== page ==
Genetics of Pheochromocytoma

Abstract

Pheochromocytoma (PHEO) and paraganglioma (PGL) are closely related neuroendocrine tumours of the chromaffin tissues of the sympathetic and parasympathetic nervous system. These rare tumours have a strong genetic component, with underlying germline and somatic mutations in one of 17 genes found in approximately 50%. Clinical presentations of PHEO/PGL vary based on the affected gene, and understanding these differences can help guide genetic testing, an important part of PHEO/PGL patient management. Despite the differences in presentation and gene function, all 17 genes may affect a single pathway. Particularly, recent proposals have focused on hypoxia‐inducible factors (HIFs) as key players in PHEO/PGL, due to the known pseudohypoxic environment found in these tumours and the central role played by HIFs in cellular processes. By linking the susceptibility genes to a central potential therapeutic target like HIF, new treatment methods could soon be introduced to improve the outcomes of PHEO/PGL patients.

Key Concepts:

  • Pheochromocytomas and paragangliomas have the strongest genetic component of any endocrine tumour; half or more are linked to germline and somatic mutations in 17 genes.

  • The clinical presentations associated with each gene vary, particularly with regard to tumour location, multiplicity, biochemical phenotype, average patient age at diagnosis and risk of metastases.

  • Genetic testing is an essential component of PHEO/PGL management, but can be costly and time‐consuming; newer techniques to resolve these limitations are being explored.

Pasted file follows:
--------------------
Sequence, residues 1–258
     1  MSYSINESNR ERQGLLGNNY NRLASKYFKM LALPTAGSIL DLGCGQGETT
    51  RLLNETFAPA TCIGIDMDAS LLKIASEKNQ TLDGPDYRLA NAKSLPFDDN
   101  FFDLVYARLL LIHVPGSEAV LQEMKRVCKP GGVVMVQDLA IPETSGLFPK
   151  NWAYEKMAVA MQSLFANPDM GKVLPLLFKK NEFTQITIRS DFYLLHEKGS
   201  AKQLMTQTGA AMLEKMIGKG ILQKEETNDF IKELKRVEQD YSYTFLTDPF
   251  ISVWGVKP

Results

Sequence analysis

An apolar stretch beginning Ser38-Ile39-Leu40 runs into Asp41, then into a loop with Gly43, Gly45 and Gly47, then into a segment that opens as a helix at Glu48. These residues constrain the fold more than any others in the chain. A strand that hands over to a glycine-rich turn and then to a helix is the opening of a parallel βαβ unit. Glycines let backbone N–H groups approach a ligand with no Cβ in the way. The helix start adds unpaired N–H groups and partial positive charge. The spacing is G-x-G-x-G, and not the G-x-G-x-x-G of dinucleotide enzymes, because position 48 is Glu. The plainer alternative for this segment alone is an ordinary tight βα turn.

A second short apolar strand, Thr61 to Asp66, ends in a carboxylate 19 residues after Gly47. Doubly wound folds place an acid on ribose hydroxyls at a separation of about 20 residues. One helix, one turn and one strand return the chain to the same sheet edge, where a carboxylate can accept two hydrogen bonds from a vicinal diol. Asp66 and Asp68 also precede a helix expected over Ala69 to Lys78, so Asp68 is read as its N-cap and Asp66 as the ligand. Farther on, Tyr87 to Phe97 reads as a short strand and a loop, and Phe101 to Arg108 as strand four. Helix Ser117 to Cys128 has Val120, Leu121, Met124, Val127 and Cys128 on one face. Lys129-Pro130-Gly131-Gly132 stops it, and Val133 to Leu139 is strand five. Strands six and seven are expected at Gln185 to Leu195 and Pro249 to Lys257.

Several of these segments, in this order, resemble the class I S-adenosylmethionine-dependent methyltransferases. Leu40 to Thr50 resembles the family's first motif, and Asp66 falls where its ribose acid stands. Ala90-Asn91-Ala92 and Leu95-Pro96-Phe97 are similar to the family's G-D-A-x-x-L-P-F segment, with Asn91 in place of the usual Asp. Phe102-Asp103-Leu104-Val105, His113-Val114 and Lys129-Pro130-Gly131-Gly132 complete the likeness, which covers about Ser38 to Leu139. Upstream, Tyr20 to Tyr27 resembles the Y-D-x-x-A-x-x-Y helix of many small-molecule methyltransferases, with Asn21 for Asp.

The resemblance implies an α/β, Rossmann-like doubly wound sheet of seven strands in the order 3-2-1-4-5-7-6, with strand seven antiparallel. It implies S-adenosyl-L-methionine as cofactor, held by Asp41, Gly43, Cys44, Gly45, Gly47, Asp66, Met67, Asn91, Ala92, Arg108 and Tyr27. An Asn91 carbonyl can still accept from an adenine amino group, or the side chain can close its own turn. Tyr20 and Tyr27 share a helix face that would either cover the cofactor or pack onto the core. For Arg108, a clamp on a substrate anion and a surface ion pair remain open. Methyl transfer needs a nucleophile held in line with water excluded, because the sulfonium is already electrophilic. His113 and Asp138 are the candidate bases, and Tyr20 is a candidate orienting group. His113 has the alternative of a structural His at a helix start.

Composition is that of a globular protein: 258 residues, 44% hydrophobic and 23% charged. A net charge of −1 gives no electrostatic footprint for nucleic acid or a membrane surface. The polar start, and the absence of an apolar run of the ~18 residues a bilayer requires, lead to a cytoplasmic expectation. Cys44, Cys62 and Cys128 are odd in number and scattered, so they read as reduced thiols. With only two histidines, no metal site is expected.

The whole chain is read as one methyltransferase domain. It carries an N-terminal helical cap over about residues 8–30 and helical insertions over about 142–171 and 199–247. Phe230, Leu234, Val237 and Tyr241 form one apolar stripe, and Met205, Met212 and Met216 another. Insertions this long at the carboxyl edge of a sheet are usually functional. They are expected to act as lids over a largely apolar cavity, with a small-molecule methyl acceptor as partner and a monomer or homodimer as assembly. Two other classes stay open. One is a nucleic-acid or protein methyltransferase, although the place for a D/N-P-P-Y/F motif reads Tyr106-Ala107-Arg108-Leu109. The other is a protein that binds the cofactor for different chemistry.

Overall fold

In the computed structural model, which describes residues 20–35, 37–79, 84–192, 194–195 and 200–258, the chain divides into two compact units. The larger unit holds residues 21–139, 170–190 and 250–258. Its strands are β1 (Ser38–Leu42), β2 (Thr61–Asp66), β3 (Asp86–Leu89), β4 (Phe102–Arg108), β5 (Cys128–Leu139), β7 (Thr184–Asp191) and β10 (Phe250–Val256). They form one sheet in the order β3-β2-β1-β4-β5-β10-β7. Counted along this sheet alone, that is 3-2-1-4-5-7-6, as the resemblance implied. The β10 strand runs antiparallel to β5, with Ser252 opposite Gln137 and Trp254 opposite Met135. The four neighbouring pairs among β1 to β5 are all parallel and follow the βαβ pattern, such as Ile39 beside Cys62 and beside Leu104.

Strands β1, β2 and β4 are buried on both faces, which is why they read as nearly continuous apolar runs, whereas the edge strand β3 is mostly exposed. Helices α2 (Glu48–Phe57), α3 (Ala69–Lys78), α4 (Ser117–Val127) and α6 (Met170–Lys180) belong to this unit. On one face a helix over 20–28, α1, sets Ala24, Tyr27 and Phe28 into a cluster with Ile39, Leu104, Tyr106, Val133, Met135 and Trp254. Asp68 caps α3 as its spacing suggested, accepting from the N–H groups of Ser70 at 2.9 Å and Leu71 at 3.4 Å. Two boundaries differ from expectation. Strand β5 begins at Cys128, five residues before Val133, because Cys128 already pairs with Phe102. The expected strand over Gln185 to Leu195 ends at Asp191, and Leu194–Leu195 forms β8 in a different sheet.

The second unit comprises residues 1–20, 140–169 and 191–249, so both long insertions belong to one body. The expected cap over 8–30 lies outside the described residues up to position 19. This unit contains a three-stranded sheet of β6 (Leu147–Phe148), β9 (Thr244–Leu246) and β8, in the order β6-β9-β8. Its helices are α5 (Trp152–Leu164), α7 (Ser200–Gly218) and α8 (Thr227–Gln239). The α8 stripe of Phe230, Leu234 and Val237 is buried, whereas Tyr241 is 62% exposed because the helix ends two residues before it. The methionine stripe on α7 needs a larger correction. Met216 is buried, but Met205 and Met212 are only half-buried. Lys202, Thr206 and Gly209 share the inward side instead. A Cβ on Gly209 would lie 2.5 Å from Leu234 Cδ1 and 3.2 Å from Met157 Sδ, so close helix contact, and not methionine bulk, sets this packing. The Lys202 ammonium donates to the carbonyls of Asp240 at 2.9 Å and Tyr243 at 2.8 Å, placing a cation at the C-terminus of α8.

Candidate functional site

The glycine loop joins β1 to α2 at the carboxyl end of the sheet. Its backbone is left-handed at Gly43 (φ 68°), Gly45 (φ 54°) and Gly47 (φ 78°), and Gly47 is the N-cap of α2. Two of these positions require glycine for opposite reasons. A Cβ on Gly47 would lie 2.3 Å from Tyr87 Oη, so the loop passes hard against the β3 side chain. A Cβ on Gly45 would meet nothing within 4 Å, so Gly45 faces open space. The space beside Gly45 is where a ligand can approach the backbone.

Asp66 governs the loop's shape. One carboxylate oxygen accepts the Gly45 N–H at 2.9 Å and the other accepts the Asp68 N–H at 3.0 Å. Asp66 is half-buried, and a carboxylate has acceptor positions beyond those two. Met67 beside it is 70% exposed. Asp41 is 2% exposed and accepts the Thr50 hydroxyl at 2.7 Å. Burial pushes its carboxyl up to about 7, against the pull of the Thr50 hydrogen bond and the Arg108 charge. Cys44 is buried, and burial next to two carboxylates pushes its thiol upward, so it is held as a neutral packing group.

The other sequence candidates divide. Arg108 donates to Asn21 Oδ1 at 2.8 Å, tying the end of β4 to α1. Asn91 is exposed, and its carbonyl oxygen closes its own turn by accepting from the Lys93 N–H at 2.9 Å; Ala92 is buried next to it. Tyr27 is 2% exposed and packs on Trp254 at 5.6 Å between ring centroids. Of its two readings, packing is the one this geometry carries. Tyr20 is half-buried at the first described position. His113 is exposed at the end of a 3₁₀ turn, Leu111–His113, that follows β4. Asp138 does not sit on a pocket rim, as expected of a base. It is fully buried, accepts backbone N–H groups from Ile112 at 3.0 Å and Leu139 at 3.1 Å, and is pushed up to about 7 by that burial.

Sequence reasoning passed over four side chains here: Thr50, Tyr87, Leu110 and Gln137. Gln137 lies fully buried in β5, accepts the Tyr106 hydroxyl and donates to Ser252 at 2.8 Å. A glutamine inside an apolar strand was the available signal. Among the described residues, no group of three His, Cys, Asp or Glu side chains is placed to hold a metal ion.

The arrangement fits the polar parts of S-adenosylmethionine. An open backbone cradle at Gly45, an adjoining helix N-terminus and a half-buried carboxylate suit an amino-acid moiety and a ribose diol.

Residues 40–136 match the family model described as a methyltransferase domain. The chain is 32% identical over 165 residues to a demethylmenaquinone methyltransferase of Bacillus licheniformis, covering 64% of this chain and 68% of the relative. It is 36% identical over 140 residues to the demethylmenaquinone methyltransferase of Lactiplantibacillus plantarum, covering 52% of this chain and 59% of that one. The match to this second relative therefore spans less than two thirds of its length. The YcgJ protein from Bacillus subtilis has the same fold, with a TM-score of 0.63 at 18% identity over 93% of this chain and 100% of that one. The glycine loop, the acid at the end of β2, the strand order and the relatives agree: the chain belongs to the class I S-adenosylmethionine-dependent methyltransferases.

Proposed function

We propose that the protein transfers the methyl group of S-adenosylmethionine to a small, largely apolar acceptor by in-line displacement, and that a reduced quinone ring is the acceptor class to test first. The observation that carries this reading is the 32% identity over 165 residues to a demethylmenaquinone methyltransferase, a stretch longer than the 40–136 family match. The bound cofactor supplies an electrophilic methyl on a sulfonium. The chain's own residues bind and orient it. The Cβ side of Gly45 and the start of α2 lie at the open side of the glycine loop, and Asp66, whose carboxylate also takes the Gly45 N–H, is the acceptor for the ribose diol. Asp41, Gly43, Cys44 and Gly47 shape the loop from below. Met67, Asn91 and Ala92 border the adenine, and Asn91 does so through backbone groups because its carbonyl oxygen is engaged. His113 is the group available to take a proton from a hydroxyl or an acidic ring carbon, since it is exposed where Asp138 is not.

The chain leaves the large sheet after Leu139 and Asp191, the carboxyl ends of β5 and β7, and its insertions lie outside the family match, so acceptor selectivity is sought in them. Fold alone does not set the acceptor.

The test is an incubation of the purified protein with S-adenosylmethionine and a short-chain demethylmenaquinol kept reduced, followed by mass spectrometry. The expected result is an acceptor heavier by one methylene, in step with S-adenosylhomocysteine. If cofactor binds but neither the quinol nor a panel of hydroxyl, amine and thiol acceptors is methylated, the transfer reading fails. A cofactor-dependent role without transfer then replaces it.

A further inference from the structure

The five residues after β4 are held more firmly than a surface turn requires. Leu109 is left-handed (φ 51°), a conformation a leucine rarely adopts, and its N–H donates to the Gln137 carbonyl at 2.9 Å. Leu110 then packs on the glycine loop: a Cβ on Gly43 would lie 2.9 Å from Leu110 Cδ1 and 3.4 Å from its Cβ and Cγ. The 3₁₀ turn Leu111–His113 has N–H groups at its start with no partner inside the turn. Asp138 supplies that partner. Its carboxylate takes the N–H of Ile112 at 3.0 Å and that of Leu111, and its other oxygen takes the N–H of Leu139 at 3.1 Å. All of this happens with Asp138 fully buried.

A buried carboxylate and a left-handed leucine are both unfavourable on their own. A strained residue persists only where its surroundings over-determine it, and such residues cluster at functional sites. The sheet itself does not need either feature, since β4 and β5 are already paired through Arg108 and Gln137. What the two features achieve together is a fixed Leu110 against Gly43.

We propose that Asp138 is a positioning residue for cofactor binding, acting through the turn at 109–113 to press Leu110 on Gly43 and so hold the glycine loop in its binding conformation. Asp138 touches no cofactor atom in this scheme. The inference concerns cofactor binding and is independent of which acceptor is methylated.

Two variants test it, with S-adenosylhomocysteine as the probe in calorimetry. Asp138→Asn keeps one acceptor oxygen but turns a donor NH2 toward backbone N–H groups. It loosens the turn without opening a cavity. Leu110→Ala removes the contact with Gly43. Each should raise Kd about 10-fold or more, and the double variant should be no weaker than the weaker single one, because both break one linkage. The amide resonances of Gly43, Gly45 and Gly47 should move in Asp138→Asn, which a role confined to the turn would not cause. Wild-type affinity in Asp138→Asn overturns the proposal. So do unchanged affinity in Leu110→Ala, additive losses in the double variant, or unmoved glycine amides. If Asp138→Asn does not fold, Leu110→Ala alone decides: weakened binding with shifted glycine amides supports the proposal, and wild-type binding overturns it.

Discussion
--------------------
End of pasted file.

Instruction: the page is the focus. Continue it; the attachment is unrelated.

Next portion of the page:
• Messenger RNA expression profiles can help broadly classify PHEO/PGL into two well‐established clusters based on their broader mechanistic errors.

  • Additional clustering mechanisms are being proposed based on other analyses, including miRNA, transcriptomic, metabolomic and proteomic studies.

  • Beyond clustering, unifying theories to link PHEO/PGL susceptibility genes have been proposed to link all 17 genes to a common signalling pathway, focusing particularly on the processes of apoptosis and hypoxia response.

  • Identifying common targets between the genes could aid in the identification of novel treatment strategies for patients with these rare neuroendocrine tumours.

Keywords: genetics; pheochromocytoma; paraganglioma; hypoxia; hypoxia‐inducible factors; succinate dehydrogenase

Figure 1.

Recommended genetic testing algorithm for patients with PHEO/PGL. *If both normetanephrine and methoxytyramine are elevated, follow the algorithm for methoxytyramine. If both normetanephrine and metanephrine are elevated, follow the algorithm for metanephrine. **In patients with elevated normetanephrine with clinical features that do not clearly indicate which gene to test, perform immunohistochemistry for SDHB and SDHA. +If tumour is adrenal, TMEM127 testing may be considered. Abbreviations: DA, dopamine; HIF2A, hypoxia‐inducible factor 2‐alpha; HNP, head and neck PGL; h/o, history of; MAX, myc‐associated factor X; MEN2, multiple endocrine neoplasia type 2; MTY, methoxytyramine; NF1, neurofibromatosis type 1; RET, rearranged during transfection; SDHA, succinate dehydrogenase subunit A; SDHB, succinate dehydrogenase subunit B; SDHC, succinate dehydrogenase subunit C; SDHD, succinate dehydrogenase subunit D; TMEM127, transmembrane protein 127; VHL, von Hippel–Lindau. Adapted from Karasek et al. (). © US Government.

Figure 2.

Regulation of hypoxia‐inducible factors (HIFs) under normoxia and hypoxia. Multiple PHEO and PGL susceptibility genes are involved in HIF regulation, suggesting a common role for HIF in the pathogenesis of PHEO/PGL. Reproduced from Jochmanová et al. (). © US Government.

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Martucci, Victoria L, and Pacak, Karel(Apr 2014) Genetics of Pheochromocytoma. In: eLS. John Wiley & Sons Ltd, Chichester. http://www.els.net [doi: 10.1002/9780470015902.a0025302]